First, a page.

Perhaps due to their traditional status as a ‘minor art’ or perhaps due to the fragility of the material and the consequent rarity of the works, Fontana’s ceramics have rarely been given their just evaluation in his output. But not only did he create works from clay throughout the whole of his career, indeed during the war years in Argentina he made his living both as a ceramicist and as a teacher of ‘modelling’, but many of his most creative ideas grew from his work with clay.
Just because clay is not a ‘noble’ material – which in today’s artistic climate can paradoxically be considered a gain – he was able to experiment with an, at times, almost baroque abandon that was not possible in other media. Throughout his career he modelled, scratched, cut clay with a freedom never to be completely recaptured in his larger works.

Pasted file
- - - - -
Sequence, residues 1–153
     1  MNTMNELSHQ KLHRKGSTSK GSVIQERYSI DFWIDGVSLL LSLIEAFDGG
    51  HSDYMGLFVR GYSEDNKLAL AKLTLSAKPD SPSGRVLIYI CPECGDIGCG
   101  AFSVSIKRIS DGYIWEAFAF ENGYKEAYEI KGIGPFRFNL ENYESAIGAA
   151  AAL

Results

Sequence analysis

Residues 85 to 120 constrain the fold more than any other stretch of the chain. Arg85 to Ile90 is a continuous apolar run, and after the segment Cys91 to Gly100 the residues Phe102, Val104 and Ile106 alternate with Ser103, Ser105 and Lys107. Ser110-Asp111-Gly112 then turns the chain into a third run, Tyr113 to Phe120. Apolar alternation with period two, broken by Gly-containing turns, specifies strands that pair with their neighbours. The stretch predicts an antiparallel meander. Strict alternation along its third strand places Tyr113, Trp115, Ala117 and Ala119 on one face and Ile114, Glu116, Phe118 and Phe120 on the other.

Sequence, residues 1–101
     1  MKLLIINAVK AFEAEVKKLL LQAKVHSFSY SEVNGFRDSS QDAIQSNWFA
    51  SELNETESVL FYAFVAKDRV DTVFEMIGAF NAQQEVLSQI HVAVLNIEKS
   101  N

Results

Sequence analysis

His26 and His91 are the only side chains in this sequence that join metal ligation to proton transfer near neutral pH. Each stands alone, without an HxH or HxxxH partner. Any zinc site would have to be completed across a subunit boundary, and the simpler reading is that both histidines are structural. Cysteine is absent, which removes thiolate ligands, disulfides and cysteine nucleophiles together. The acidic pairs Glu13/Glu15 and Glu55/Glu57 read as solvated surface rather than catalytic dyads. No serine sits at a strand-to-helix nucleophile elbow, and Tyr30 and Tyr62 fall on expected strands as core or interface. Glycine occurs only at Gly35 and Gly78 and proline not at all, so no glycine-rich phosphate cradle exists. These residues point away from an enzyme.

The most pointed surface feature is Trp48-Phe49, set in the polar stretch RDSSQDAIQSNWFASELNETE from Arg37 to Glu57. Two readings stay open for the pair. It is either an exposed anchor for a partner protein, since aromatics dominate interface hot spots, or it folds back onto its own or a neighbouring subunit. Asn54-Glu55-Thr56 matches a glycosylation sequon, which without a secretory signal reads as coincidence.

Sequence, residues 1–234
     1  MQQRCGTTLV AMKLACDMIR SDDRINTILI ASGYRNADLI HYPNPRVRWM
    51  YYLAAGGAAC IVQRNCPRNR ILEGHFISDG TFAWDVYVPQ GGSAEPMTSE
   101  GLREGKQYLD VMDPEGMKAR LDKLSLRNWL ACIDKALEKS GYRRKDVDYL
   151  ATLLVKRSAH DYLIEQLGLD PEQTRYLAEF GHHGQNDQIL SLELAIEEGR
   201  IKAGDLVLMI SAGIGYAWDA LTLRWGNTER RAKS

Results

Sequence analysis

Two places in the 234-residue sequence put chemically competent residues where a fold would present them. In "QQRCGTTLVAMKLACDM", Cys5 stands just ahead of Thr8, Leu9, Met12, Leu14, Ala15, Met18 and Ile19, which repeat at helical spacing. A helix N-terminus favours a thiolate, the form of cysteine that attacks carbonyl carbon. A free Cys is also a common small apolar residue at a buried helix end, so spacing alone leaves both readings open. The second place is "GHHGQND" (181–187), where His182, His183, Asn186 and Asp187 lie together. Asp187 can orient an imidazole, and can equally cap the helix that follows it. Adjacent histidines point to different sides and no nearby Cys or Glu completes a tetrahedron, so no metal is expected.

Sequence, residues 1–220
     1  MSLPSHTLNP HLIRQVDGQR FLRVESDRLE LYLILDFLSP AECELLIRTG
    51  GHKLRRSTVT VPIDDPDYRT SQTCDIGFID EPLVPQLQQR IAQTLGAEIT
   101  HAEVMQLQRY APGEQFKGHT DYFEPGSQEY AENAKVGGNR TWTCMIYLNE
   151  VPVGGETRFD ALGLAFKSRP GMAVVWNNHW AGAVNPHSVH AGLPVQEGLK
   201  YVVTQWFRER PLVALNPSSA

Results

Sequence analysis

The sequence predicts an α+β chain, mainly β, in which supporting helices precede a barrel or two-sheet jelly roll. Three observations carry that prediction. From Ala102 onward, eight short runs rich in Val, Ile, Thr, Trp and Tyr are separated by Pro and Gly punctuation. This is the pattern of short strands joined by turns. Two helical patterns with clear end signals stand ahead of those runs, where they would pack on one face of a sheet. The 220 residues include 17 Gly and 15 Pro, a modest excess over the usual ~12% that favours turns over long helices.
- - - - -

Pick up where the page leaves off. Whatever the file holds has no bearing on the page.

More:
A close appreciation of Fontana’s ceramic work leads to a conclusion that is sometimes overlooked: Fontana’s work was of great importance in the twentieth century as one of the most energetic examples of a conceptual approach to art. But his ceramics, above all, demonstrate just how his conceptualism was dependent on the materials he used. His energy was never just cerebral, but also manual.
On show at the Studio la Città are works from the whole of his career: figures, vases, plates, and plaques dating from the 1940s until the last years of his life.